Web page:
Copper price crashes on World Bank growth outlook
The price of copper tumbled Wednesday to the lowest level for more than five years after the World Bank slashed its global economic forecasts.
Copper for delivery in three months plunged in Asian trading hours to $5,353.25 per tonne, a level last seen in July 2009. That marked an 8.0-percent slide from Tuesday's close.
Copper, which is used in plumbing, heating, electrical and telecommunications wiring, clawed back ground in late morning deals in London to stand at $5,564.50 per tonne.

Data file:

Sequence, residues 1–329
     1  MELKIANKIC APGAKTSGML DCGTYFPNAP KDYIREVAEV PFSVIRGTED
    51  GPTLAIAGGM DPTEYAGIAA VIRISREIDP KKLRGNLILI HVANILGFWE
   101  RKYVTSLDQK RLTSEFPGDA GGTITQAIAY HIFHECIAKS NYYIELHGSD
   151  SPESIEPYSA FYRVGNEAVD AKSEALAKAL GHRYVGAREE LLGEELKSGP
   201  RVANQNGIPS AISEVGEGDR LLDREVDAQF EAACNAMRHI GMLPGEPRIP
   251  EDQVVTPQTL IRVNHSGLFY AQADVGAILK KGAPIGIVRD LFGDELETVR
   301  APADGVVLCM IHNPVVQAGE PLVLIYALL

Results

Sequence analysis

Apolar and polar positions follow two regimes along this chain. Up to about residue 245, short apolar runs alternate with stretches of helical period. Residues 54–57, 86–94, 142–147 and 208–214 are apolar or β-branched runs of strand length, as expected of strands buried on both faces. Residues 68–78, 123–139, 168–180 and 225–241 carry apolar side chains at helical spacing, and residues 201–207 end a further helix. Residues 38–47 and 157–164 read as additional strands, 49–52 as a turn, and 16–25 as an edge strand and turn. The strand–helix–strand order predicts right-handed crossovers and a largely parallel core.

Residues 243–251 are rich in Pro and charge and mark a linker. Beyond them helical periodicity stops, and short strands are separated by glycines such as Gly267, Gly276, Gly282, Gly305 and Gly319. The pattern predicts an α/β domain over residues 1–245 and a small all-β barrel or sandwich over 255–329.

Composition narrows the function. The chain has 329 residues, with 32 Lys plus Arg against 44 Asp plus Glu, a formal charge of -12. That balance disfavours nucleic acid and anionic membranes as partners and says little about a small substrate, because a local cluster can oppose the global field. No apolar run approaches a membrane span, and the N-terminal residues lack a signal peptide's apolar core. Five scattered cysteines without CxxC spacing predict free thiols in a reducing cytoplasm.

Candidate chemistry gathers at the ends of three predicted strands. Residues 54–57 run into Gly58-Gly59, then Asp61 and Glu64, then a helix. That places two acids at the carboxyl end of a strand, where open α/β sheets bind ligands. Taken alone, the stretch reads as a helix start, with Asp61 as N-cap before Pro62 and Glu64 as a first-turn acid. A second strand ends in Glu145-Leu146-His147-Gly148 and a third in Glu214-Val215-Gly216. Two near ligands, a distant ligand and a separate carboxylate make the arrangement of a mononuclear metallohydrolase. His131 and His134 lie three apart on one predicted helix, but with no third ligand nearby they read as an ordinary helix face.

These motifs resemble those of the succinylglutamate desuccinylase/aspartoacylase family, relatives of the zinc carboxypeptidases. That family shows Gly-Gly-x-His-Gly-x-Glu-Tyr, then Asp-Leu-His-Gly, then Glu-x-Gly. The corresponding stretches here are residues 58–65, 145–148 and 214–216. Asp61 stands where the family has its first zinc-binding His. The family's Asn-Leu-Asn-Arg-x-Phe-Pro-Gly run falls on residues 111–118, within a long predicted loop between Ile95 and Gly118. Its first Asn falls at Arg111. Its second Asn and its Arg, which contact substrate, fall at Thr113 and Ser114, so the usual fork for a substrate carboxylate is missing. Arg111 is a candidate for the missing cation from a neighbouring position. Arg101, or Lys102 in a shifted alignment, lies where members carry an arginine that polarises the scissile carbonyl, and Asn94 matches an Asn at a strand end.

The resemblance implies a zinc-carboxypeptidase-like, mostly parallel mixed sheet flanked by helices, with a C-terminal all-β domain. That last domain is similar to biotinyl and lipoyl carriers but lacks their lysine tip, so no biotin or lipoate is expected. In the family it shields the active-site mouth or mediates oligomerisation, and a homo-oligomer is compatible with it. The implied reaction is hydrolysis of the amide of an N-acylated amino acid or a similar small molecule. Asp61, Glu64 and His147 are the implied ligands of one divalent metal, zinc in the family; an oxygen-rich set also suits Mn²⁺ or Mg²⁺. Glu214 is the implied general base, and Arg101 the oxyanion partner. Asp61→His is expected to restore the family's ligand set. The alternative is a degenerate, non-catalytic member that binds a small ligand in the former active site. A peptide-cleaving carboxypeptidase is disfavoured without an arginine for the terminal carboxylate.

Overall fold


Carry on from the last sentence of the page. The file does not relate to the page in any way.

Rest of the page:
"Unease over the global economy engulfed commodities," said analyst David Papier at trading firm ETX Capital.
Copper "is often considered a barometer of industrial demand, so the slump leant extra gravitas to news that the World Bank had cut its 2015 growth forecasts blaming sluggishness in the eurozone, Japan and some major emerging economies", Papier noted.
The World Bank on Tuesday predicted that global economy would grow by 3.0 percent in 2015.
That marked a downgrade from the previous forecast of 3.4 percent that was given in June.
"The global economy is slowing down," said analyst Connor Campbell at dealer group Spreadex.
"It does not help copper that commodities in general are suffering," he added amid a slump for oil prices.
© 2015 AFP